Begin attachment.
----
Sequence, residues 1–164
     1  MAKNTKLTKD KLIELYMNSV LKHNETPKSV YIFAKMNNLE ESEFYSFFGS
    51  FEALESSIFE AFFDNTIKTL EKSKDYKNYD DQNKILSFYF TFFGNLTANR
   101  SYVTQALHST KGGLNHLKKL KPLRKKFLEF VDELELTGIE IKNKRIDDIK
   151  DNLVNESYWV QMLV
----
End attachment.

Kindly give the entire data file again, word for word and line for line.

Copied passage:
Sequence, residues 1–164
     1  MAKNTKLTKD KLIELYMNSV LKHNETPKSV YIFAKMNNLE ESEFYSFFGS
    51  FEALESSIFE AFFDNTIKTL EKSKDYKNYD DQNKILSFYF TFFGNLTANR
   101  SYVTQALHST KGGLNHLKKL KPLRKKFLEF VDELELTGIE IKNKRIDDIK
   151  DNLVNESYWV QMLV